It’s become a trend in college football: When a black coach earns a spot running a Division I program, their expected timetable for turning the team around is significantly shorter than their white counterparts.
This week, the NFL’s public campaign for diversity was taken up a notch, when incentives could have been placed on the table for franchises if they hired coaches and GMs of color. It was ultimately tabled by the NFL owners during their meeting Tuesday, but it pushed me to look into what opportunities coaches of color are getting to prove themselves at the college level.
When a new head coach is brought on board, most sign for five years, but for black coaches the timeframe rarely aligns with expectations.
Five years allows a coach ample time to recruit their own guys and have them play through the system. It’s a long enough time to see if the coach is moving the program in the right direction.
Generally, black coaches get two to three years, max, before a decision on their future is made. Likely fighting through double consciousness — a phrase coined by W.E.B. Du Bois — as they lug the burden of black stereotypes while also facing the pressure of meeting an unrealistic coaching standard.
Which leads to many coaches fearing if they are fired they probably won’t land on their feet again in a head coaching role, and there is good reason to believe that.
A December article by fivethirtyeight.com found only seven cases since 1975 in which a black coach received a second chance at head coach at a top-division school after being fired from his first job.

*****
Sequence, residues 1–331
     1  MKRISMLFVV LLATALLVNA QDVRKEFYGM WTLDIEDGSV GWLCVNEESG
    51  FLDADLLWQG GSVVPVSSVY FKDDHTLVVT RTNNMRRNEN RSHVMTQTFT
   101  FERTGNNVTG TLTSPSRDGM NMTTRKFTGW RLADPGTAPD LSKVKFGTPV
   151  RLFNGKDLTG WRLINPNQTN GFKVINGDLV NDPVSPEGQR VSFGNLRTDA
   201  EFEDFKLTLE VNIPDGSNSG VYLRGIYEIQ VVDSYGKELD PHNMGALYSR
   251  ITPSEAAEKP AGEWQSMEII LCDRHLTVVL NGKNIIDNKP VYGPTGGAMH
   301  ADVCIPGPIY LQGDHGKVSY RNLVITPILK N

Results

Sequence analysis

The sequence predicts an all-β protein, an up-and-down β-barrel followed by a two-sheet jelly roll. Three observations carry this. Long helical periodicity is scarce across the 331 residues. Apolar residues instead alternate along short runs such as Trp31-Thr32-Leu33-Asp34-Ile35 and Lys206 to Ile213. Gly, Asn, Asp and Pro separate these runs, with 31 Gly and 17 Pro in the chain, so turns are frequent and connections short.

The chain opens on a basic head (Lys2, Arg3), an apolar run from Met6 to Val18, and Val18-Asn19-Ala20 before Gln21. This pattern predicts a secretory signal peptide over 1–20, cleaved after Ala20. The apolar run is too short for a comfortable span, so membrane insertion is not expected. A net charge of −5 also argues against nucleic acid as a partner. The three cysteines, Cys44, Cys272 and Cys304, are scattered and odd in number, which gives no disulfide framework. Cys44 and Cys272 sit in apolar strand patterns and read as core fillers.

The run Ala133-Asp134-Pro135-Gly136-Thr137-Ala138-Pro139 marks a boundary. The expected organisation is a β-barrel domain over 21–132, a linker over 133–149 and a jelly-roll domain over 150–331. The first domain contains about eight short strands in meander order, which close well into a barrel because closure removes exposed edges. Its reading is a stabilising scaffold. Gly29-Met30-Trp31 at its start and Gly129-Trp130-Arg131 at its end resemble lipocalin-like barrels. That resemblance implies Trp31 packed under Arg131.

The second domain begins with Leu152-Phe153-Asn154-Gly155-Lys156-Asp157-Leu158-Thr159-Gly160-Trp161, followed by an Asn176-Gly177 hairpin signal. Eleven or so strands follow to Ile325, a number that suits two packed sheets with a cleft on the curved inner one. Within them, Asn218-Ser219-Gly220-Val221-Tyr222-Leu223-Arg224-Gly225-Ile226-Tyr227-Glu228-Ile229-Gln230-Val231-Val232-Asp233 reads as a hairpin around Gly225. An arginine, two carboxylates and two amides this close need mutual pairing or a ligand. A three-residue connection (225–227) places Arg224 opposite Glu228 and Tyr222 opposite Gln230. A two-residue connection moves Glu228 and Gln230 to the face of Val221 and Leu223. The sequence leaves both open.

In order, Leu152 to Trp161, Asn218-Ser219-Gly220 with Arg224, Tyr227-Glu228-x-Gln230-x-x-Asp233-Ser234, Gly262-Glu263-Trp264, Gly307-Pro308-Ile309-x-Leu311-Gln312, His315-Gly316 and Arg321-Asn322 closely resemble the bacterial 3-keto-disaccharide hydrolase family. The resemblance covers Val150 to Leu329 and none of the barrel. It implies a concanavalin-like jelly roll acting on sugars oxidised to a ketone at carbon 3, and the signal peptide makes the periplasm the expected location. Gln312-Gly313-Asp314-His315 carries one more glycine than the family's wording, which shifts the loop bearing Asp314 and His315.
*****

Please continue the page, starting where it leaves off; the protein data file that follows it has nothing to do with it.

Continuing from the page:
Which points to an evident flaw in the pipeline of talent and system as a whole.
“White candidates are hired at a faster rate within the Power 5 conferences,” Dr. Brian Joseph said in 2018, “but this is partly based on the simple fact that there are more to choose from. As of the 2016 season, there were nearly three times as many White assistant coaches, 641 vs. 221, than Black.”
Tom Holmoe, Tim Murphy, Jim Wacker, Joe Avezzano, Terry Shea, Kliff Kingsbury and the list goes on and on. These are white coaches who had unsuccessful stints as head coach who were allowed at least five seasons to turn things around. And even when they didn’t and were let go, many turned the page into another head coaching/ athletic director gig.
Another example, Ed Orgeron who just won a National championship as the head coach of LSU, started his career 10-25 at Ole Miss.
Dabo Swiney and Nick Saban at the start of their coaching career weren’t competing for national titles. They were just vying for bowl eligibility. If they can get the patience in leading, the guys mentioned above as well as other coaches of color deserve to as well.
Here are just a few black head coaches who were not given legitimate time to show what they could do with their respective programs.